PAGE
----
The cessation at issue here is within the periods of cessation considered in U2 Home, and far shorter than the five-year and nine-year periods considered in Rosen and Troll. The two-year gap alone does not constitute an appreciable duration of time where infringement ceased for the purposes of Section 412. Therefore, the period between SOFA's alleged infringements between 2012 and 2014 is continuous.
B. Whether Pre- and Post-registration Infringement Are Legally Different.
Segura focuses part of his argument on the "same work" analysis. The federal Copyright Act does not define the term "work." MCA Television Ltd. v. Feltner, 89 F.3d 766, 768-69 (11th Cir. 1996). The circuits that have defined "work" have held that "separate copyrights are not distinct `works' unless they can `live their own copyright life.'" Gamma Audio & Video, Inc. v. Ean-Chea, 11 F.3d 1106, 1116 (1st Cir. 1993); Walt Disney Co. v. Powell, 897 F.2d 565, 569 (D.C. Cir. 1990); Robert Stigwood Group, Ltd. v. o'Reilly, 530 F.2d 1096, 1105 (2d Cir. 1976). This test focuses on whether each expression has an independent economic value and is, in itself, viable. MCA Television Ltd. v. Feltner, 89 F.3d 766, 769 (11th Cir. 1996). When the same defendant infringes on the same protected work in the same manner as it did prior to the work's registration, the post-registration infringement constitutes the continuation of a series of ongoing infringements. Solid Oak, 2016 WL 4126543, at *3.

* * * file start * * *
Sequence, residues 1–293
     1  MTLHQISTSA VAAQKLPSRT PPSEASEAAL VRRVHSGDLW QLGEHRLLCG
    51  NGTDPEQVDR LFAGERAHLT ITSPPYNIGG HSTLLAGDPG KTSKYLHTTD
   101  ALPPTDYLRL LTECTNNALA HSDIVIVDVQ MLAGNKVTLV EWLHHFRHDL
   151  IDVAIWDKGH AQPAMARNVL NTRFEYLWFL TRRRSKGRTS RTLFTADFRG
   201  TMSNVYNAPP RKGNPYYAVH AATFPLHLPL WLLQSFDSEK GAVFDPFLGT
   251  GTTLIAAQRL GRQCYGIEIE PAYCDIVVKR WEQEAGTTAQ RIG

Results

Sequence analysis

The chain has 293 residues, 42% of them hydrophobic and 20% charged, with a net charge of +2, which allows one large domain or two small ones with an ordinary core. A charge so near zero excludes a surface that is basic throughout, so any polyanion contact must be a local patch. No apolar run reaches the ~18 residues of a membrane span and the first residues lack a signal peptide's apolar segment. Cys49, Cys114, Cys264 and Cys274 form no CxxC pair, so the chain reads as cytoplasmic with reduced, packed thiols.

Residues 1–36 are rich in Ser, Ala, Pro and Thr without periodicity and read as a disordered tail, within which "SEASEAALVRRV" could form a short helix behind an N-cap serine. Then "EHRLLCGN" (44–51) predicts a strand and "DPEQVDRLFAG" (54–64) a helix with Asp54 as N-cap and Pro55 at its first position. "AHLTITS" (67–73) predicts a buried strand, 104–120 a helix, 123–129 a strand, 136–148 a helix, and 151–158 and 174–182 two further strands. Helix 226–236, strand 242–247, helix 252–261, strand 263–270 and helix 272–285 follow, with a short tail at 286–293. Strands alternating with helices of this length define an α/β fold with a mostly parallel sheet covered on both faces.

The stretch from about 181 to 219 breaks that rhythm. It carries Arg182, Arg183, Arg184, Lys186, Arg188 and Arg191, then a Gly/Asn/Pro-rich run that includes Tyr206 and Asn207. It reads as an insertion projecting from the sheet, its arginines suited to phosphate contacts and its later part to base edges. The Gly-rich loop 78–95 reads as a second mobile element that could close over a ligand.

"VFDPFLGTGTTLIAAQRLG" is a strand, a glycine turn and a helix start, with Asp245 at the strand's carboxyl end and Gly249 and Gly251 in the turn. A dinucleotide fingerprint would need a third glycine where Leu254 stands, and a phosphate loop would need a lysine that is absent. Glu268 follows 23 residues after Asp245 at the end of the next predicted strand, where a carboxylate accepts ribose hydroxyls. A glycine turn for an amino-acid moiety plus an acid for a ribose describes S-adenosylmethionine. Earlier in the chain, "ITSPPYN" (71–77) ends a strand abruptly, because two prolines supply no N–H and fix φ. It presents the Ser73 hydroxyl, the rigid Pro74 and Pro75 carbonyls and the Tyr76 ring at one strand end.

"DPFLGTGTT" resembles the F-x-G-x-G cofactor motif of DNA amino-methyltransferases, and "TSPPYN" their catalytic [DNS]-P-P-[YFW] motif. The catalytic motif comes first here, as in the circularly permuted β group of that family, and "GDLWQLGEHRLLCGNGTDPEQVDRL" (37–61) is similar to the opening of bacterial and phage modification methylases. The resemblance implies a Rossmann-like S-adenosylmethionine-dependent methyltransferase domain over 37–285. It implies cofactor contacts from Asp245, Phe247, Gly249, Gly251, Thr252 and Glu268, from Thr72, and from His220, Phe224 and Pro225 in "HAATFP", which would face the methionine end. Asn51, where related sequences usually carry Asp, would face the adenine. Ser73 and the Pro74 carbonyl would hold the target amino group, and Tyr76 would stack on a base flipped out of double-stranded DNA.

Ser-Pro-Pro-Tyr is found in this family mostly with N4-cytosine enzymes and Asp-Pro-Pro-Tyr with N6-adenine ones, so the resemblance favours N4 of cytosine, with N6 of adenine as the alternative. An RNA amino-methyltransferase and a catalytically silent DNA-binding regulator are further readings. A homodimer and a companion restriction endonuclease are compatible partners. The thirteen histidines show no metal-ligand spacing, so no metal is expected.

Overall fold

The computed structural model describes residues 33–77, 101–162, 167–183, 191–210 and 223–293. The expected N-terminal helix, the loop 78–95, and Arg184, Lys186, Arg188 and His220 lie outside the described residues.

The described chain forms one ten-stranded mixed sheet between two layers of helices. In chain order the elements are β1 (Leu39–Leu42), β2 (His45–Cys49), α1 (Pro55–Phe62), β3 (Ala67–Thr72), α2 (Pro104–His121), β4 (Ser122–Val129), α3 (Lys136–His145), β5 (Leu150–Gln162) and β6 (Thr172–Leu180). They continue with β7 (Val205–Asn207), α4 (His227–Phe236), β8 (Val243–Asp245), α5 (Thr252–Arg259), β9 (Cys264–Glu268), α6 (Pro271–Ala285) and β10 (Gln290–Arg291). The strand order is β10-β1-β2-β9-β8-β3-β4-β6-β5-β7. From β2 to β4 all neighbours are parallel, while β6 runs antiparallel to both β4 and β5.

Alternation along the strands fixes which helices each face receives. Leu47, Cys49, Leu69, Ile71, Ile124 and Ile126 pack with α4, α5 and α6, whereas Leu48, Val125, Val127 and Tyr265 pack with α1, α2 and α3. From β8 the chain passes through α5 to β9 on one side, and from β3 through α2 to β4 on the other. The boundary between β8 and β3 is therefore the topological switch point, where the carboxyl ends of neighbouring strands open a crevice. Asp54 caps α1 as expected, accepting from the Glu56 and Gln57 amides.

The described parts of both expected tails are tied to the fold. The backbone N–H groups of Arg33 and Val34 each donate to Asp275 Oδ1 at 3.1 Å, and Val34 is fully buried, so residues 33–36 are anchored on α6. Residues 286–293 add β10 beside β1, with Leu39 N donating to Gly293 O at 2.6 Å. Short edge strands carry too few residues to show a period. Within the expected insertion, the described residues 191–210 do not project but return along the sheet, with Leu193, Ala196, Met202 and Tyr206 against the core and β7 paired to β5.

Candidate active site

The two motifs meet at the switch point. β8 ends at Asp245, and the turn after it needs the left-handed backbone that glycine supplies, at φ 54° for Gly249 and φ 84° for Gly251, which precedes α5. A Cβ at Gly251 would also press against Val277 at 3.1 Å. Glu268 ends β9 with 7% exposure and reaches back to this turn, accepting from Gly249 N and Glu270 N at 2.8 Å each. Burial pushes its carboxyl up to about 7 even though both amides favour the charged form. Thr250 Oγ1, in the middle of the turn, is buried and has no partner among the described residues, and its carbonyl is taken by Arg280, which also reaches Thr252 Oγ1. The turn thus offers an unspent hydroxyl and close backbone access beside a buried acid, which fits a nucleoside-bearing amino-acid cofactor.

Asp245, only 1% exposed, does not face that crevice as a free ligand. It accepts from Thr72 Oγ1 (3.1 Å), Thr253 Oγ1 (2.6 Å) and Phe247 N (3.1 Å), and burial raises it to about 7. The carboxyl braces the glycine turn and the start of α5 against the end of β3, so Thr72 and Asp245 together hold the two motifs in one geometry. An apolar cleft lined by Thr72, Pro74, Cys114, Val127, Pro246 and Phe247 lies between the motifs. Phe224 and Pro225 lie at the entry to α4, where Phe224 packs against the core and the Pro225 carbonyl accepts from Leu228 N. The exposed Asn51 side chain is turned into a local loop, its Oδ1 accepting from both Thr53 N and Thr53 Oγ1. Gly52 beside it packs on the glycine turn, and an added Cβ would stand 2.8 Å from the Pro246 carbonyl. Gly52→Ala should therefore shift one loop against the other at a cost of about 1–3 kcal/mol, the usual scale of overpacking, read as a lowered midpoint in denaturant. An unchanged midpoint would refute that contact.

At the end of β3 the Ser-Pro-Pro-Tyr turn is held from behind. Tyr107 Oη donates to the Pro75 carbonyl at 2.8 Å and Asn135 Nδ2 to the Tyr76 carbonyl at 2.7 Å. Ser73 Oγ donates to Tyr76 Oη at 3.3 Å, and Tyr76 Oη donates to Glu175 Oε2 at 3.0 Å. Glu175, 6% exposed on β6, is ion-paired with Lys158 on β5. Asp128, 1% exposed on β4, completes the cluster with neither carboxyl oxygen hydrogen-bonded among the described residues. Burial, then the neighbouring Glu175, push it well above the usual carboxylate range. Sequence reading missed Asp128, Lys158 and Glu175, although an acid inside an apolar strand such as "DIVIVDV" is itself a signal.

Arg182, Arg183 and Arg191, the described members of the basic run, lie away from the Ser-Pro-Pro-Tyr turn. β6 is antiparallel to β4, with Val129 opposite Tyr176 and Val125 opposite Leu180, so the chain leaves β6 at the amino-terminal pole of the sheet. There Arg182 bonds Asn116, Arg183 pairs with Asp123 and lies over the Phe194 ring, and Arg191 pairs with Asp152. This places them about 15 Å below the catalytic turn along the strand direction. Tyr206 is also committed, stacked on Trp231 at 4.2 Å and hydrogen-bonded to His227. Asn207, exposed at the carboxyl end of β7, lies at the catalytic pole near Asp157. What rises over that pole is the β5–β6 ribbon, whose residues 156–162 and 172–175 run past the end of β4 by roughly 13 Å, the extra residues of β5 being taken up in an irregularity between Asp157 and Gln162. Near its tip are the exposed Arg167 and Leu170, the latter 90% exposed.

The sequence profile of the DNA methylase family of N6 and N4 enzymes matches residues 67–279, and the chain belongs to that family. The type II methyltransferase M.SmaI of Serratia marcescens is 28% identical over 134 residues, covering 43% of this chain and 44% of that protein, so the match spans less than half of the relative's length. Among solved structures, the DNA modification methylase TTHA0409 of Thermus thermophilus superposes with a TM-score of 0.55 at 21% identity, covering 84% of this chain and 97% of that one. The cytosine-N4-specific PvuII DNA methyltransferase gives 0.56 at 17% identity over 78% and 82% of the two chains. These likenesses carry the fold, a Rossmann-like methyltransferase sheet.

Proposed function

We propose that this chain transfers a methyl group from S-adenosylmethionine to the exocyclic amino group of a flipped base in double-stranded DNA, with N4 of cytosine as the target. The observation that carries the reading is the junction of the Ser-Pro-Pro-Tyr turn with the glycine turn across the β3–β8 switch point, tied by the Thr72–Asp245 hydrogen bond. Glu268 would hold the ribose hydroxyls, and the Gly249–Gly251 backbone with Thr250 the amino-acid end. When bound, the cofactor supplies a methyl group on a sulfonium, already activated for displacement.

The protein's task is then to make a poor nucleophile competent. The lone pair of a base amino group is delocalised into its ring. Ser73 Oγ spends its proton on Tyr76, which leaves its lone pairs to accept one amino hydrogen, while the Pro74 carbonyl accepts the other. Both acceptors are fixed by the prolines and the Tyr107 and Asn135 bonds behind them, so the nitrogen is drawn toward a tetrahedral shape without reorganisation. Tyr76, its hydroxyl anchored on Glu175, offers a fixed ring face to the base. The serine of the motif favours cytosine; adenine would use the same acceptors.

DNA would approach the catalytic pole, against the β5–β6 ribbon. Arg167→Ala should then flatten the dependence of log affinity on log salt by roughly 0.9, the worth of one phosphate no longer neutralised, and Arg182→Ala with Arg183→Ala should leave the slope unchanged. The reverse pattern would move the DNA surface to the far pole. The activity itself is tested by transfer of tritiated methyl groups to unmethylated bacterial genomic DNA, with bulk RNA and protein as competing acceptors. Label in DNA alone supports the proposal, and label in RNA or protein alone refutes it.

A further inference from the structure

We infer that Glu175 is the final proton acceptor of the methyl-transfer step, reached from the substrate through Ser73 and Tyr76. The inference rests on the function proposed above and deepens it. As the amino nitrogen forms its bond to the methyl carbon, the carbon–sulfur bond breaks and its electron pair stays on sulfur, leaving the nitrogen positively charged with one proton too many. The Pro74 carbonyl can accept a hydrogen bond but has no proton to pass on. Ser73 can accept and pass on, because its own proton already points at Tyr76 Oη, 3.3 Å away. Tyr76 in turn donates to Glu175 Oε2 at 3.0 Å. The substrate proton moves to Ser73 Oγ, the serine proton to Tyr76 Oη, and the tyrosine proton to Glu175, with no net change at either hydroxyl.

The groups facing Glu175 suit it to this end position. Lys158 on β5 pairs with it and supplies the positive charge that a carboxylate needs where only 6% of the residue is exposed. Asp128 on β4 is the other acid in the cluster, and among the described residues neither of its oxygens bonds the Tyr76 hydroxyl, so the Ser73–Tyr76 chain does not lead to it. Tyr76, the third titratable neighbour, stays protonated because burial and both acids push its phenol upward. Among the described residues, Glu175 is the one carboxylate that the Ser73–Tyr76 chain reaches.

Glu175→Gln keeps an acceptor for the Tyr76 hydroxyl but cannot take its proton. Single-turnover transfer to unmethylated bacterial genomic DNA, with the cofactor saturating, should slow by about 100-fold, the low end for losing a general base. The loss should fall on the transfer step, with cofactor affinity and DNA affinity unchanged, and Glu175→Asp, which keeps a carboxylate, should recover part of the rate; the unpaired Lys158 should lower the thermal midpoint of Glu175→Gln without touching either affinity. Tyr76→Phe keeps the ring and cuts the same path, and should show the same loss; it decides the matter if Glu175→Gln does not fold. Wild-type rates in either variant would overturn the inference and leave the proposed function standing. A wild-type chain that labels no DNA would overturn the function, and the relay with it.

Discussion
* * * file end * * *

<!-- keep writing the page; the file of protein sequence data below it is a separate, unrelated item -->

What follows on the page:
In Solid Oak, the plaintiff held exclusive licenses for some copyrighted tattoo designs. Solid Oak, 2016 WL 4126543, at *1. The defendant, a video-game developer, produced a professional-basketball video-game series that used the copyrighted tattoo designs when replicating professional-basketball players in the game. Id. The tattoo designs appeared in video games released annually, beginning in 2013. Id. The plaintiff registered the copyrights in 2015. Id. A few months later, defendant released another video game featuring the copyrighted tattoo designs, in a manner "more individualized than in prior versions" of the video game. Id. at *2. The Solid Oak court held that the updated tattoo designs in the latest version of the video game were a "continuation of a series of ongoing infringements" because the pre- and post-registration games were part of the same series and used the same copyrighted designs. Id. at *3. The "updates to the title and visual and graphical improvements" were insufficient to distinguish the post-registration game from its predecessors. Id.